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By LeAnn R. Ralph
COLFAX — Imagine this situation.
It is Christmas Eve, and someone in your family is experiencing a medical emergency.
You call 911, confident that the Colfax Rescue Squad will soon be there to transport your loved one to a hospital.
The Colfax ambulance arrives.
You breathe a sigh of relief.
Although it feels like hours since you called for the ambulance, you realize it has really only been minutes.
The EMTs carefully load your loved one into the ambulance. And then they are ready to leave for the hospital.
Except — there is no place for the ambulance to turn around at your house, which is located at the top of a hill.
So, the ambulance driver starts backing down the driveway.
All is well until the ambulance reaches the curve in the driveway, and then, because your driveway is icy, the ambulance begins to slide, goes off the curve, and is stuck against a tree.
Now what? How is your loved one going to get to the hospital?
An ambulance is called from Menomonie.
The Menomonie ambulance finally arrives, and your loved one is transferred from the Colfax ambulance, which is still jammed against a tree, and loaded into the Menomonie ambulance.
At last, your loved one is on the way to receive hospital care.
But what about the Colfax ambulance?
As it turns out, it takes a wrecker three hours to pull the ambulance out because — the wrecker is sliding on the ice, too.
Now, imagine this situation.
How many readers have had to back up a vehicle at night in the dark?
What about on a driveway that is so narrow, you had to pull the mirrors in on your vehicle to avoid ripping them off on the trees lining the driveway?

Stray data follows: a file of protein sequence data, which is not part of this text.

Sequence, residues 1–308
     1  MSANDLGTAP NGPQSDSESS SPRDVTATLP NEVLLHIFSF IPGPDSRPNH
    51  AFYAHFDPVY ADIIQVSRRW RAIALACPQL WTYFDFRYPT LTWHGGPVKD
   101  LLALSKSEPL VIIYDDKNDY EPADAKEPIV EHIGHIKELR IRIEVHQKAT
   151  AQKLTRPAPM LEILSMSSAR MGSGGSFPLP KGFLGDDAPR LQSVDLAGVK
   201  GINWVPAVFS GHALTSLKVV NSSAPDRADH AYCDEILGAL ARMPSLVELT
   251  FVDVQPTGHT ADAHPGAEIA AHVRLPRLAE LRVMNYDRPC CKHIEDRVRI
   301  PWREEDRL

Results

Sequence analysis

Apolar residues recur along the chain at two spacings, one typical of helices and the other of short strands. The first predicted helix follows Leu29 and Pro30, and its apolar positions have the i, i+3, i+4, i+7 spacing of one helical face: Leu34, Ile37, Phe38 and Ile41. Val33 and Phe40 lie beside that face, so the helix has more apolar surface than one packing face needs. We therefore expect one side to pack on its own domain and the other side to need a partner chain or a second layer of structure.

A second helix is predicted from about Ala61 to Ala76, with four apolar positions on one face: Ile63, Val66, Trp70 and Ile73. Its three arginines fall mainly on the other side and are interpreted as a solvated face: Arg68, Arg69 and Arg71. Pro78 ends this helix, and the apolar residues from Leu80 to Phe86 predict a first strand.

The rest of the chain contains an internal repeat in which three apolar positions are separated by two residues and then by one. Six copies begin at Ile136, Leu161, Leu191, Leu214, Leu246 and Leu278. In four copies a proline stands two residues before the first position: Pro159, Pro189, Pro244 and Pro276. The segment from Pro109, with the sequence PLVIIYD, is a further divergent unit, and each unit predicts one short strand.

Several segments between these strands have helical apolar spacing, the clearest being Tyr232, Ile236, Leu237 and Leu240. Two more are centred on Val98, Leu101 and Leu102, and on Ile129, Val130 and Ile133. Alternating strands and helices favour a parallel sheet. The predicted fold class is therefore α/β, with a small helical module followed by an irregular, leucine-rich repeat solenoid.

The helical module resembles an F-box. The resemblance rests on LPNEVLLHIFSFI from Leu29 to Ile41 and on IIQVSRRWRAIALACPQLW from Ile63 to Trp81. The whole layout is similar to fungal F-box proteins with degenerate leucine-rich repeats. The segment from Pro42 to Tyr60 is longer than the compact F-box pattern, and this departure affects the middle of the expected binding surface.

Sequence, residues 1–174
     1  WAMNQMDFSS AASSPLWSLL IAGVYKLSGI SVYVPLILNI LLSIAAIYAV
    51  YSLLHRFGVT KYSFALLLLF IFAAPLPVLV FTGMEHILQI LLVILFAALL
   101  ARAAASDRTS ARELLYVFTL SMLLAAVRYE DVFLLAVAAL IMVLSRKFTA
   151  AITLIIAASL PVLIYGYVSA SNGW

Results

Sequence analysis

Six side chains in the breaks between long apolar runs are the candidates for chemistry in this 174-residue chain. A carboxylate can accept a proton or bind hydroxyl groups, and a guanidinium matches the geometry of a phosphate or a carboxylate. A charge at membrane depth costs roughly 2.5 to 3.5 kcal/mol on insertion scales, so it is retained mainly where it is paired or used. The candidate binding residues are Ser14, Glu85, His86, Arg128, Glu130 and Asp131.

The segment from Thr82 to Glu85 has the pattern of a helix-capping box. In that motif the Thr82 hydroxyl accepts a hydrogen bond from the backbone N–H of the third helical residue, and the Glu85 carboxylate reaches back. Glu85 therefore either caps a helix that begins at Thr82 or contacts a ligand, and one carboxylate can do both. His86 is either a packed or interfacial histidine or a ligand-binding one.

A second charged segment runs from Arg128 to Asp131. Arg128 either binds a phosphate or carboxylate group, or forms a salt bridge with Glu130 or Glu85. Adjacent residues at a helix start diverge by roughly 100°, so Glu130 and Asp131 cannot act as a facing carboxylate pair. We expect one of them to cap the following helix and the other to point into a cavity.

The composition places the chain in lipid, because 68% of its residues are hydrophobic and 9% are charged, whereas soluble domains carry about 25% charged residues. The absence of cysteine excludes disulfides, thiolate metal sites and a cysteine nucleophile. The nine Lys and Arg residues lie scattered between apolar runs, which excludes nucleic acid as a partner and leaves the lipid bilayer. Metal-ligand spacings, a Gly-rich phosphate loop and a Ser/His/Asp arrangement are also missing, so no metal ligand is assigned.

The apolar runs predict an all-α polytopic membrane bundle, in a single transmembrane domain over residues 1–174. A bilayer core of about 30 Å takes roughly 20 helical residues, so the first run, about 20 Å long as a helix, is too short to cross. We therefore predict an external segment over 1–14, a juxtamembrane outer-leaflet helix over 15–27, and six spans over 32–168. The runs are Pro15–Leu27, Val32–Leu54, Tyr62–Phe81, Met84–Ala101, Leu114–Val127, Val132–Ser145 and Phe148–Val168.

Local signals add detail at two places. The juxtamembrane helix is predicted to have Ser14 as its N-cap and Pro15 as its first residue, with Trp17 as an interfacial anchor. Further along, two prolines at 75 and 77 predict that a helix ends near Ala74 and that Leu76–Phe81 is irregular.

The Colfax Rescue Squad was called out to another medical emergency at the end of November in just such a situation.
The driveway curved through trees to reach the house.
When the ambulance was ready to leave, there was no place to turn around because of the number of vehicles parked at the house.
The ambulance driver had no choice but to pull the mirrors in on the ambulance and then try to navigate the narrow driveway back out to the road.
Both of these situations are true stories related by Don Knutson, director of the Colfax Rescue Squad, in his written year-end report to the Colfax Village Board at the January 11 meeting.
Knutson said he was sharing the information with the village board for two reasons: “1.) Our customers need to realize they (must) maintain driveways in the wintertime or else emergency vehicles may not be able to reach them. 2.) Ambulances and fire trucks are bigger than cars, so we need wider, higher driveways in order reach the emergencies.”
Knutson asked that all of the municipalities served by the Colfax Rescue Squad remind residents to maintain their driveways with salt/sand in the winter and to make sure their driveways have enough clearance for emergency vehicles.
The Colfax Rescue Squad provides service to the Villages of Colfax, Elk Mound and Wheeler and the Towns of Colfax, Elk Mound, Grant, Otter Creek, Sand Creek and Tainter.
The National Fire Protection Association has established minimum standards for driveways, which Knutson included in his report:
• Single family residence with a driveway grade of 0 to 12 percent — driveways that are 150 to 200 feet long must be 12 feet wide with an unobstructed height of 13 feet and six inches with a turnaround. Driveways longer than 200 feet must be 12 feet wide with two feet of clearance on each side and an unobstructed height of 13 feet and six inches with a turnaround.
• Single family residence with a driveway grade of 12.1 percent to 15 percent — Driveways 150 to 200 feet must be 12 feet wide with two feet of clearance on both sides with an unobstructed height of 13 feet and six inches. Driveways longer than 200 feet must be 14 feet wide with two feet of clearance on both sides and unobstructed height of 13 feet and six inches.